On one hand, assessing his legacy is easy. He drove with a passion and joy that few have equaled – and he won. His skills were remarkable; he would flatter a poor car, turning in times that no other driver could approach in the race. He would get into a marginal car and soon determine what was needed to make the car competitive. When he drove a competitive car, Mario turned it into a winner.
Yet, beyond statistics, fans of the sport realized just how remarkable his career was. In every form of motorsport, Mario won. Driving a car on a high speed oval is an art form and there is a huge difference between driving an open-wheel car and a stock car on those circuits and very few have been successful at both. Yet, in 1967, Mario’s passion for racing saw him win the Daytona 500 stock car, the 12 Hours of Sebring endurance sports car race and claim his second pole at the Indy 500!
He won in short sprint races and 24-hour endurance races. He won in the United States and abroad. Even when racing outside his numerous specialties, Mario won. He won everything that he competed in, from drag races to the Pikes Peak Hillclimb. This year marks the 50th anniversary of his win at Indianapolis, a track where in his own words, the relationship has been…tumultuous. In 1969, he entered the month of May as a favorite at the historic track, but he crashed his primary car during practice. Suffering from painful facial burns, Mario was able to qualify in his back-up car for the middle of the front row. In the race, he led for 116 laps, including the most important one, lap 200 – the last lap, winning the fastest run Indianapolis 500 up to that date.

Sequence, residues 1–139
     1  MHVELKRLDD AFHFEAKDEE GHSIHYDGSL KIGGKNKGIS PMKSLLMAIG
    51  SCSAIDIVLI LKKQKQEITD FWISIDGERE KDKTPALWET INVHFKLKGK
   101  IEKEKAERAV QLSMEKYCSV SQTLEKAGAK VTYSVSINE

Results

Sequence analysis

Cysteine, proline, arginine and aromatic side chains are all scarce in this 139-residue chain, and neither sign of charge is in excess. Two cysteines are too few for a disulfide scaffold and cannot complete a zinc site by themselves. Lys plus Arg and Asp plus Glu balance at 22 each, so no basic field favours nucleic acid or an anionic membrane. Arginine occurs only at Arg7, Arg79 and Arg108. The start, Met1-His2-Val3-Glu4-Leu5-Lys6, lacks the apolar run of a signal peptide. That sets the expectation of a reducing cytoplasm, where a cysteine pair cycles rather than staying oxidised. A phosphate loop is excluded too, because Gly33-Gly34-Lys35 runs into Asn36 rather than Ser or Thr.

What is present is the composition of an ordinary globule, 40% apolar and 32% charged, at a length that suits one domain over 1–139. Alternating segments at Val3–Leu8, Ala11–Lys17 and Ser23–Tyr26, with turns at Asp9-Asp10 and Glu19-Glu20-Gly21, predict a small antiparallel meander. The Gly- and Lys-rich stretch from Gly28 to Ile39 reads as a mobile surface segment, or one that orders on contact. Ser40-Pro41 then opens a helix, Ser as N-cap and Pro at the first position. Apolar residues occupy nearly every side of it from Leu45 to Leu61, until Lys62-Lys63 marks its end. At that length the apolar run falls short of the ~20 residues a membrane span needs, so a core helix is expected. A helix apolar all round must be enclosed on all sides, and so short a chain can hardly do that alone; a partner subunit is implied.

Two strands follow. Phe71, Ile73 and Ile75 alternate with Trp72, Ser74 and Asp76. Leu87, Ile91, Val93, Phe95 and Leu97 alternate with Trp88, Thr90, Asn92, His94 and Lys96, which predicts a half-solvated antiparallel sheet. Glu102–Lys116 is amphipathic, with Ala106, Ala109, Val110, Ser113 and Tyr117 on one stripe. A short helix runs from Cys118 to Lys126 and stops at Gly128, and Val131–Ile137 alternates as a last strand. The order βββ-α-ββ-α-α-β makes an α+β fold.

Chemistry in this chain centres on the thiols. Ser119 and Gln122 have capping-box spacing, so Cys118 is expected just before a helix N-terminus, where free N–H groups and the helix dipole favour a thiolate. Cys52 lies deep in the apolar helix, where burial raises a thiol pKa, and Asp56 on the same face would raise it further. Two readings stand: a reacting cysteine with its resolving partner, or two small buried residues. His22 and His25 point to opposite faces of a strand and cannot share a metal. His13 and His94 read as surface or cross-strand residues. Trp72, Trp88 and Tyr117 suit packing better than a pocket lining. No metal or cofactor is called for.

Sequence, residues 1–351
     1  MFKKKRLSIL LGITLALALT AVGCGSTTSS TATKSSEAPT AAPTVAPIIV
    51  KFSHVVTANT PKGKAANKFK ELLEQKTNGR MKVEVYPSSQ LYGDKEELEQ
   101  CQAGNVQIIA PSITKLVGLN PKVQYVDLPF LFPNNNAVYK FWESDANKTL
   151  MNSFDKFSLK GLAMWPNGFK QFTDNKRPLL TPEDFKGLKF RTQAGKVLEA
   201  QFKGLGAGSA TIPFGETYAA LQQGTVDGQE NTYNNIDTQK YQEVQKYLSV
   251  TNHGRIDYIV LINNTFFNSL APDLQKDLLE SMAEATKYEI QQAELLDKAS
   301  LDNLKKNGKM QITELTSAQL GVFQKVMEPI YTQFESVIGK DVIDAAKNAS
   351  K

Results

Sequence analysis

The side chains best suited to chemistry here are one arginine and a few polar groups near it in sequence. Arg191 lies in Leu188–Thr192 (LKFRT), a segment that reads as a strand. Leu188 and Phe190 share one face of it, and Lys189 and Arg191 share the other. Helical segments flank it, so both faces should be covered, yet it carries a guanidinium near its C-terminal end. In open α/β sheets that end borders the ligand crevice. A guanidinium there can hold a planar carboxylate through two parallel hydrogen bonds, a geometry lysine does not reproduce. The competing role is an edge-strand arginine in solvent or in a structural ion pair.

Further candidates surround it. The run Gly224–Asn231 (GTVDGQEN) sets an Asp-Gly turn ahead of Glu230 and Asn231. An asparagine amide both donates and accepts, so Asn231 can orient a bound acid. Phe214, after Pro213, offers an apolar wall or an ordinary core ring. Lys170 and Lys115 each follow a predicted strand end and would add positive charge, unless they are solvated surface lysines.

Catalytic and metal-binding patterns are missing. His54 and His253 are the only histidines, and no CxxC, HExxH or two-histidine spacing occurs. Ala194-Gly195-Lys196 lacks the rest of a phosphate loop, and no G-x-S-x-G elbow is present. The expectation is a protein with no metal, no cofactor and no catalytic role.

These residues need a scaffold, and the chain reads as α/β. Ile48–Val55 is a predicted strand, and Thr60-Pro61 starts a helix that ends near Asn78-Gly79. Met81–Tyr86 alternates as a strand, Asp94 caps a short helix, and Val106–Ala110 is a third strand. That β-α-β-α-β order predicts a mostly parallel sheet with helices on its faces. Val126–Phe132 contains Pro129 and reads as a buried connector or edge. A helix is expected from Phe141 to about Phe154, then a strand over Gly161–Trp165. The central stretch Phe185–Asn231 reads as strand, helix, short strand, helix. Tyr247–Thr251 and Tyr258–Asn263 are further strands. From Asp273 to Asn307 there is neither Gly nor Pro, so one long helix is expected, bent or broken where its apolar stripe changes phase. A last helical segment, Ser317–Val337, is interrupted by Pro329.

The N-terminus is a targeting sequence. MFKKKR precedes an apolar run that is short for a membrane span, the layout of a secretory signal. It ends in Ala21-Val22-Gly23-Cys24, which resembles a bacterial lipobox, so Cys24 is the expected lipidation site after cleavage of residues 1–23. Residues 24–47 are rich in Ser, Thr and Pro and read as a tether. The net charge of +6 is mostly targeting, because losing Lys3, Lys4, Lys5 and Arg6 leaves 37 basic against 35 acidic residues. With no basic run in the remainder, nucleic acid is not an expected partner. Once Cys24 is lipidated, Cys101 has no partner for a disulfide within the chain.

Mario is one of those few people who could drive the wheels off any car. He learned his craft on the dirt track and then added to his resume on oval tracks, in what at the time were called Champ Cars and also in stock cars. Then there was the traveling circus known as Formula One – the pinnacle of motorsport. Mario placed his car on pole in his first race, causing more than a few jaws to drop. He won in his first time out driving for Ferrari, while competing part-time in the series and racing on both sides of the Atlantic. He was the fastest man on the circuit in 1977, winning more races than any other driver, but his car let him down, causing almost as many retirements as finishes. That changed the following year when he dominated the championship, driving the Lotus 79. It was a beautiful car and Mario made it look easy.